roared higher after the company said its Zargis Medical venture received FDA approval to market Zargis Acoustic Cardioscan, a computer-aided medical device that's used to detect heart murmurs. Shares of Speedus traded up $1.34, or 60.1%, to $3.57 on volume of 2.7 million shares.

BHA Group Holdings

(BHAG)

rose after GE's energy unit agreed to acquire BHA for about

$260 million in an all-cash deal that will pay BHA shareholders $38 a share. The acquisition is expected to close during the late part of summer. Shares of BHA traded up $5.13, or 15.7%, to $37.72.

Shares of

Travelzoo

(TZOO) - Get Report

broke out again Tuesday on no apparent news. Last week, after Travelzoo's stock did the same thing, the company issued a press release saying that it knew of no reason for the surge. The shares, which have risen 179% over the past six weeks, traded up 50 cents, or 2.2%, to $23.06.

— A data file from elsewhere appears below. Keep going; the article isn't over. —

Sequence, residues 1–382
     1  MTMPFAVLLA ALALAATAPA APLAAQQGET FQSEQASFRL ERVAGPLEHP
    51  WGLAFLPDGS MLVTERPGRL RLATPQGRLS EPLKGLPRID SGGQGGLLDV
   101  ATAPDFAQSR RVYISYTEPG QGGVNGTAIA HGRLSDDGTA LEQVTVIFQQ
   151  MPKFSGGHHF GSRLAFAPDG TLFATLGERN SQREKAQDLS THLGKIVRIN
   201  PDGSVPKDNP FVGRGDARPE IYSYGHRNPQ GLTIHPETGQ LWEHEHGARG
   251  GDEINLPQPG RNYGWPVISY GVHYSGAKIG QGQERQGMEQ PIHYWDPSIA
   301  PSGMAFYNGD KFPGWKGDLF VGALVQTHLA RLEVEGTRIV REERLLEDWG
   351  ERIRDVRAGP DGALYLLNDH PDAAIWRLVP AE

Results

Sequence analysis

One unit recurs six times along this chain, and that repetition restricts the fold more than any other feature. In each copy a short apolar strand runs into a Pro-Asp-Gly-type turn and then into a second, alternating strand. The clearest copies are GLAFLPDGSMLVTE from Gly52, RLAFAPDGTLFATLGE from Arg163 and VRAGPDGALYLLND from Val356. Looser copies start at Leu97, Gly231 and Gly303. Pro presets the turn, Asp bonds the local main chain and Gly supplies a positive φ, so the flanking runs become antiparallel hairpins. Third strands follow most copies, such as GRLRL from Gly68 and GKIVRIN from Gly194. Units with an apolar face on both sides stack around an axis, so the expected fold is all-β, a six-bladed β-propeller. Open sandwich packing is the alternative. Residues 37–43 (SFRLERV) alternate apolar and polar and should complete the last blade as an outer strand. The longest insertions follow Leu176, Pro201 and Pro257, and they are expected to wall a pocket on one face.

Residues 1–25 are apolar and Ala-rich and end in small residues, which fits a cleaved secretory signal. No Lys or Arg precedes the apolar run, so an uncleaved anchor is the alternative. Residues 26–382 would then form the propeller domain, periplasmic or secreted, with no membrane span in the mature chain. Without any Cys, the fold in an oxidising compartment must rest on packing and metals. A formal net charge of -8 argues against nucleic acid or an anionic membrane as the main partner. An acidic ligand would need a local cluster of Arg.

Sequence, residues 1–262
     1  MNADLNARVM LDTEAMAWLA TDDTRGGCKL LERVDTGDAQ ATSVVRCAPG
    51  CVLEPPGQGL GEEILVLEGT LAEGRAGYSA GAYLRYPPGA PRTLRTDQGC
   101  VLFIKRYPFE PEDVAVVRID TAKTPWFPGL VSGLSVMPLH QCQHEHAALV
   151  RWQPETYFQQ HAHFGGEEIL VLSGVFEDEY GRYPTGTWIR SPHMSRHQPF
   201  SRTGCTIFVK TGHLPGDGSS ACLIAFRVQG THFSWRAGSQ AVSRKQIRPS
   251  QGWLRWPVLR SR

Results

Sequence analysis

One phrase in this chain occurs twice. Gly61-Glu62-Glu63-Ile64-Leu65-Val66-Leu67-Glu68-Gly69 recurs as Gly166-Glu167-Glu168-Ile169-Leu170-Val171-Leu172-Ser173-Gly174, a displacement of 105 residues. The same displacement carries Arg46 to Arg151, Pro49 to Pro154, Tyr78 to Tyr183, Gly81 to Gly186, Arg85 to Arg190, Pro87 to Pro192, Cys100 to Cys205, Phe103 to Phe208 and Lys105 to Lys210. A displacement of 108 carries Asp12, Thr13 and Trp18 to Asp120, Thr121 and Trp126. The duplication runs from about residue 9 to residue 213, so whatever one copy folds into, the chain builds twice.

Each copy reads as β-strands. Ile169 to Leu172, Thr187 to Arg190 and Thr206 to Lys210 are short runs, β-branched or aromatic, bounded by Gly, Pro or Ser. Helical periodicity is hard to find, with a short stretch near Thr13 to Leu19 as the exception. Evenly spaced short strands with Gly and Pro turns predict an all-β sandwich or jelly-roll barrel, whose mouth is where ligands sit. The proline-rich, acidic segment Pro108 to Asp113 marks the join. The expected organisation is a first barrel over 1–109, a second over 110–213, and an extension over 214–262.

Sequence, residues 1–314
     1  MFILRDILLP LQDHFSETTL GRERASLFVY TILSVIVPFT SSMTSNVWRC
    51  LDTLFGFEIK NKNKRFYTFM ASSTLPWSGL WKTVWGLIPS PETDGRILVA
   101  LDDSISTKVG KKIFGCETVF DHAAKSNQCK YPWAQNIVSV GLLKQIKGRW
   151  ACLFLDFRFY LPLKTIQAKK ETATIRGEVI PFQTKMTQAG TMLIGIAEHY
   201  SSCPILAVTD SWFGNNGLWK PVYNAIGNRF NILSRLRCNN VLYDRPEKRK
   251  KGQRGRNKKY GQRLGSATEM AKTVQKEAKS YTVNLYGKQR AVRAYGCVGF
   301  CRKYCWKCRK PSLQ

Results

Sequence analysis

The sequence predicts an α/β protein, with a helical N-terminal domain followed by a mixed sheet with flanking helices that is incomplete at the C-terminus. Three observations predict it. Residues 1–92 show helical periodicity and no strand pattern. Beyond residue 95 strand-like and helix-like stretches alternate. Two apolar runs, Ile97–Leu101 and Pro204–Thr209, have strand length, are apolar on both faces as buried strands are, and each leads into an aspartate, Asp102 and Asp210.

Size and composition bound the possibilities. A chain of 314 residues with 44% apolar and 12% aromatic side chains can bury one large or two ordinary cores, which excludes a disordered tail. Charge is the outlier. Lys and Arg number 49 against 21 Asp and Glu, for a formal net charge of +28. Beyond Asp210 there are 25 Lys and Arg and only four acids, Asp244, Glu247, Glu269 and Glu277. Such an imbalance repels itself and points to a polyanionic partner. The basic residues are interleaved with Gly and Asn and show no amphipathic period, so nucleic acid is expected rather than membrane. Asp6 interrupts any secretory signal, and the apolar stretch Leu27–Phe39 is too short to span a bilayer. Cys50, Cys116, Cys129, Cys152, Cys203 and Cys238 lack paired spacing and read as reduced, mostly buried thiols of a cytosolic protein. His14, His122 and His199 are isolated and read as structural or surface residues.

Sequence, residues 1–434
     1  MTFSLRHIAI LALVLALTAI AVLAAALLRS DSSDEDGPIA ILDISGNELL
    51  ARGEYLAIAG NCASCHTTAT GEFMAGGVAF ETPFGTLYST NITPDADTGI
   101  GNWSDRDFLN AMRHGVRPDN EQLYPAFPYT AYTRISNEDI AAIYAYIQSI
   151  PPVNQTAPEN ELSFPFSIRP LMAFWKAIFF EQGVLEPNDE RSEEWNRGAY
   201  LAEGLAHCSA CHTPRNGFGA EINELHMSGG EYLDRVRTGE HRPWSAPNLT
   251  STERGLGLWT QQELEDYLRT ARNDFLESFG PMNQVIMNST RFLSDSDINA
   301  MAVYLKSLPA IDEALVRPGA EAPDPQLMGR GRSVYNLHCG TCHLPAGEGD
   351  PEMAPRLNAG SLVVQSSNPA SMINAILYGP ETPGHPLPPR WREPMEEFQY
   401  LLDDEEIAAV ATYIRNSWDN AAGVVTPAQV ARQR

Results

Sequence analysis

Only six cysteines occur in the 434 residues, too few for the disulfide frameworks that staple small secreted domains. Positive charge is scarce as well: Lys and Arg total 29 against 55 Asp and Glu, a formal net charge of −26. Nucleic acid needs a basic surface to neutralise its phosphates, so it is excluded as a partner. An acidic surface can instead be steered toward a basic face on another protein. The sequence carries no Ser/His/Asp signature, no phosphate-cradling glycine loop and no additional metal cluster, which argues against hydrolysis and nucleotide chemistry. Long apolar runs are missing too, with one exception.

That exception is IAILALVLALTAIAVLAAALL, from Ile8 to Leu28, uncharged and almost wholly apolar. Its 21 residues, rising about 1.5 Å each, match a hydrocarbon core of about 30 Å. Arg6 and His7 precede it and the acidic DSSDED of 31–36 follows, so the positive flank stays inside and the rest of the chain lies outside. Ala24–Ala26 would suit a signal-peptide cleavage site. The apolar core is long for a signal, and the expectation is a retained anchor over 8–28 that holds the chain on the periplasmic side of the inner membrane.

Virologic

(VLGC)

fell after the company agreed to buy

Aclara Biosciences

(ACLA)

for about $200 million. Under the terms of the deal, Aclara shareholders will receive about $4.78 a share in stock and up to about 85 cents a share in cash.

Separately, Virologic also reaffirmed revenue guidance of $42 million to $47 million for 2004, before the merger. Shares of Virologic traded down 53 cents, or 18.9%, to $2.28.

On Assignment Notes Loss; Oregon Steel Shows Its Mettle

On Assignment

(ASGN) - Get Report

fell after the company issued weak earnings and sales guidance for the second quarter ending June 30. It now expects to lose 10 cents to 12 cents a share on revenue of $45 million to $47 million.

Analysts were expecting the company to report a second-quarter loss of 6 cents a share on revenue of $48.9 million. Shares of On Assignment traded down 69 cents, or 11.8%, to $5.18.

Over on the Big Board, shares of

Labor Ready

(LRW)

jumped after the company raised its second-quarter earnings and sales guidance. The company expects second-quarter revenue of $263 million to $265 million, compared to its previous guidance of $253 million to $258 million issued on April 21.